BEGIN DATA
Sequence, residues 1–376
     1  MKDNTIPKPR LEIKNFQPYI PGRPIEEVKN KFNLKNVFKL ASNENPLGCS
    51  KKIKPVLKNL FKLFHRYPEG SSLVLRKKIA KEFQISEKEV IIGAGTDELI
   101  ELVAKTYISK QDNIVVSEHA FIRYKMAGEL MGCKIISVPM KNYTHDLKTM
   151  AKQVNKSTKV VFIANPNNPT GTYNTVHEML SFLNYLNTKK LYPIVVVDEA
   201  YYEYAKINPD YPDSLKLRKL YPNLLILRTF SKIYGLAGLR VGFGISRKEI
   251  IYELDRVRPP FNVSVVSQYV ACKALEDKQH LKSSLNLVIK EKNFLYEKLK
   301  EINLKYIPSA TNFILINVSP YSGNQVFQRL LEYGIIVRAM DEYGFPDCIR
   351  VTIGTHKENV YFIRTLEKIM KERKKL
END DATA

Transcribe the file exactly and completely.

Sequence, residues 1–376
     1  MKDNTIPKPR LEIKNFQPYI PGRPIEEVKN KFNLKNVFKL ASNENPLGCS
    51  KKIKPVLKNL FKLFHRYPEG SSLVLRKKIA KEFQISEKEV IIGAGTDELI
   101  ELVAKTYISK QDNIVVSEHA FIRYKMAGEL MGCKIISVPM KNYTHDLKTM
   151  AKQVNKSTKV VFIANPNNPT GTYNTVHEML SFLNYLNTKK LYPIVVVDEA
   201  YYEYAKINPD YPDSLKLRKL YPNLLILRTF SKIYGLAGLR VGFGISRKEI
   251  IYELDRVRPP FNVSVVSQYV ACKALEDKQH LKSSLNLVIK EKNFLYEKLK
   301  EINLKYIPSA TNFILINVSP YSGNQVFQRL LEYGIIVRAM DEYGFPDCIR
   351  VTIGTHKENV YFIRTLEKIM KERKKL